She lived in hearts, now is in a shed

Drama in real life

turn of fate: Shakuntala Jawalimath with her son Prakash. DH PhotoAs she would exit the stage, there would be plaintive, insistent demands for a repeat performance.

That was Shakuntala Jawalimath long ago.

In a car shed of a house in Old Badami Nagar here, an aged woman bends over the stove. She is cooking for her mentally challenged son, who is in his forties, or is it fifties? The shed contains all her earthly belongings. Some pots and pans, a trunk containing faded clothes, some plastic containers, a can of insect spray, some medicine bottles. She is not dressed in a dazzling saree, her blouse can do with some mending, and there are no flowers in her grey hair.

This is Shakuntala Jawalimath now.

The one-time star of the “Company” theatre in north Karnataka is barely managing to eke out two square meals for herself and her son, Prakash, who is unmarried.

Her husband Basavaraj, along with whom she formed a popular pair on stage, died three years ago. Never financially secure, Shakuntala and her son now face a severe crisis.

Unable to pay rent, they shifted from a rented house to the car shed.

Prakash Jain, who owns the house of which the car shed is a part, has now put the house on sale. Tough luck.

Three daughters, one of them a theatre artiste, are married and want Shakuntala to live with them.

“They too work for a living. I don’t want to be a burden on them,” says a proud Shakuntala, who tries to manage with her pension of Rs 1,000 a month and the Rs 400 pension for the mentally challenged that Prakash gets.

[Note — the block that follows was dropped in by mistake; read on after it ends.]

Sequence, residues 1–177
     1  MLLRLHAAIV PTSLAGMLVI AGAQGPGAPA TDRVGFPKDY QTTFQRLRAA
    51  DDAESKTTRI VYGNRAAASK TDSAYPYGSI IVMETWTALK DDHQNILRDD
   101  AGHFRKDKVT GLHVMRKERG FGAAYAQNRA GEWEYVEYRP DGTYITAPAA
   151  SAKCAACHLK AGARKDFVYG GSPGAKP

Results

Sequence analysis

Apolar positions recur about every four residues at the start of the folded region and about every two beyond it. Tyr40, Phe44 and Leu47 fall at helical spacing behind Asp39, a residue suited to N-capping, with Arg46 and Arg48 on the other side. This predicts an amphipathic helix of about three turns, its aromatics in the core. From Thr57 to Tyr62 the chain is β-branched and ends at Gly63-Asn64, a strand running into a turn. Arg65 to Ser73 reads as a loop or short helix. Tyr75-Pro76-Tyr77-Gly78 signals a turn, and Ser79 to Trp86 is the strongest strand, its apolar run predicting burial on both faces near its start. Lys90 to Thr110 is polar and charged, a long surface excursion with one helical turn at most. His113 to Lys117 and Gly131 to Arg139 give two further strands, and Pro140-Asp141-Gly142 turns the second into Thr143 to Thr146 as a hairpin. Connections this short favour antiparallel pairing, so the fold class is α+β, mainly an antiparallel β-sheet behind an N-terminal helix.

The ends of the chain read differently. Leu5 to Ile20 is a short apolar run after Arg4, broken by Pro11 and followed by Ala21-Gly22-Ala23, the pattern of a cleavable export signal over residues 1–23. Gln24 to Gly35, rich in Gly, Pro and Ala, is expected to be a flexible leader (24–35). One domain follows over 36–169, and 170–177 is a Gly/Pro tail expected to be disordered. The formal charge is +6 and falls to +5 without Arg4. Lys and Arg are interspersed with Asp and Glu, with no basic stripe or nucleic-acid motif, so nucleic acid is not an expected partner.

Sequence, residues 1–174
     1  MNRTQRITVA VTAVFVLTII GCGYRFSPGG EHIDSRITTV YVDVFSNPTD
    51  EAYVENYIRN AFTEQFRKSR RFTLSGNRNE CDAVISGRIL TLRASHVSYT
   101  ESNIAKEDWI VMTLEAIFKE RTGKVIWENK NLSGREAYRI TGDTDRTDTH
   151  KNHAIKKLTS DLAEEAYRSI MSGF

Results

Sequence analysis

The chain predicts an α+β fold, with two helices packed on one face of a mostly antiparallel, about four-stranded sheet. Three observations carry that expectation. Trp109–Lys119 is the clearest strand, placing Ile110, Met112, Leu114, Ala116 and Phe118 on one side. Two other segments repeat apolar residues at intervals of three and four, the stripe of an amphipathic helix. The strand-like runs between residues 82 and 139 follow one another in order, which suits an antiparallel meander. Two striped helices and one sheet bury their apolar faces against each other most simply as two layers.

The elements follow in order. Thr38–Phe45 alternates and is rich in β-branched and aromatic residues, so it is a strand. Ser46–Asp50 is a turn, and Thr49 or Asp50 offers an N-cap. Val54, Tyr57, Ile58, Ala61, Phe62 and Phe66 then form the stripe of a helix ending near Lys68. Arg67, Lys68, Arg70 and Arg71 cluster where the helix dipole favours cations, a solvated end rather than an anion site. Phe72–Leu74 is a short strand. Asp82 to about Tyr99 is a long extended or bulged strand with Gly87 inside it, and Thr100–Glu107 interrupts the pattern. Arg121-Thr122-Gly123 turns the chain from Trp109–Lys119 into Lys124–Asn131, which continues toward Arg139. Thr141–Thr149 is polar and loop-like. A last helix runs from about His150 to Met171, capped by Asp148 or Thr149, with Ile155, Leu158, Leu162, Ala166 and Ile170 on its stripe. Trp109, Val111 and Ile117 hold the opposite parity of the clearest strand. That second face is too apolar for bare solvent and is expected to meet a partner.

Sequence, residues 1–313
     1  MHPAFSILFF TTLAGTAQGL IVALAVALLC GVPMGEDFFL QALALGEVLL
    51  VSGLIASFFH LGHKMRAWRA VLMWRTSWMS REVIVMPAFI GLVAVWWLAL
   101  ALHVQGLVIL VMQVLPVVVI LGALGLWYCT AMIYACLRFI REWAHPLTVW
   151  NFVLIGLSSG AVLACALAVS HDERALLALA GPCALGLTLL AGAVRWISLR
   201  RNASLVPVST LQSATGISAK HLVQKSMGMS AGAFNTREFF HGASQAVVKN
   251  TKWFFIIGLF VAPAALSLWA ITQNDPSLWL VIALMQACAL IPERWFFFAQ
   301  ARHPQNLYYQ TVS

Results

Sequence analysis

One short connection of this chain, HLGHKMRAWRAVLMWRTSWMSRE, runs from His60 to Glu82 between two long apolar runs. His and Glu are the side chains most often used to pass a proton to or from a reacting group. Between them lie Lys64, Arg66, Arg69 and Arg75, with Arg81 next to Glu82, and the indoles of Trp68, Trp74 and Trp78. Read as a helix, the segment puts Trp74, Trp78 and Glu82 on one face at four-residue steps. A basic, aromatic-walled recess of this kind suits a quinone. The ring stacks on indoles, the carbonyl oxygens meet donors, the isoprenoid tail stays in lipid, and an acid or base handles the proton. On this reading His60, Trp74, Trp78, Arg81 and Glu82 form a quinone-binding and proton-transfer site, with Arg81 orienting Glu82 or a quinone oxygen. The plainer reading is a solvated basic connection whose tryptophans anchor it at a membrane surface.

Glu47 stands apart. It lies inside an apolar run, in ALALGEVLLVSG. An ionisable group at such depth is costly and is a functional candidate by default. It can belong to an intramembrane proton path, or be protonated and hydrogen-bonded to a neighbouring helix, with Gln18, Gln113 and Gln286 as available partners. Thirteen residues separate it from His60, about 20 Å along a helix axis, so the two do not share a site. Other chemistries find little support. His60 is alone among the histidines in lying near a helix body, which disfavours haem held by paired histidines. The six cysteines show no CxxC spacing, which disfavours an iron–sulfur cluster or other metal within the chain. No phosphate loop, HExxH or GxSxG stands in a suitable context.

Basavaraj was 11 when he joined the touring theatre. He wed Shakuntala when she was 12. Four years later, the first child, a daughter was born. As the family grew, Shakuntala donned the grease paint to supplement the family income. She learnt Bharatanatyam and Kathak.

The couple worked with many theatre companies including Yenagi Balappa’s Kala Vaibhava Natya Sangha, the Gajanana Natya Sangha of Jamkhandi, the Muradayya Company of Sindhanur and even some ‘fly-by-night’ companies, says Shakuntala. The couple even formed their own company - the Sri Siddalingeshwara Vijaya Natya Sangha in Dharwad.

For 18 years, the company had great success with their productions including ‘Hadedavva’, ‘Hemareddy Mallamma’, ‘Sampathige Savaal’, ‘Baduku Bangaravaayithu’. When the company began failing, Shakuntala began giving dance performances to feed the family, including at Solapur in Maharashtra.

“I never went to school. I used to learn my lines in plays by asking others to read out the script,” recalls Shakuntala. Ten years ago, she gave up dancing and participating in plays due to recurrent pain in knees.

Basavaraj’s death was a big blow. “I never lived in comfort. It was always a struggle. And now, I am old,” says Shakuntala with tears glistening in her still bright eyes.

And the one-time heartthrob of the north Karnatka theatre connoisseurs, Shakuntala Jawalimath, lives in a car shed, dreading the day when Prakash Jain finds a buyer for his house, because she and a helpless son have nowhere to go.

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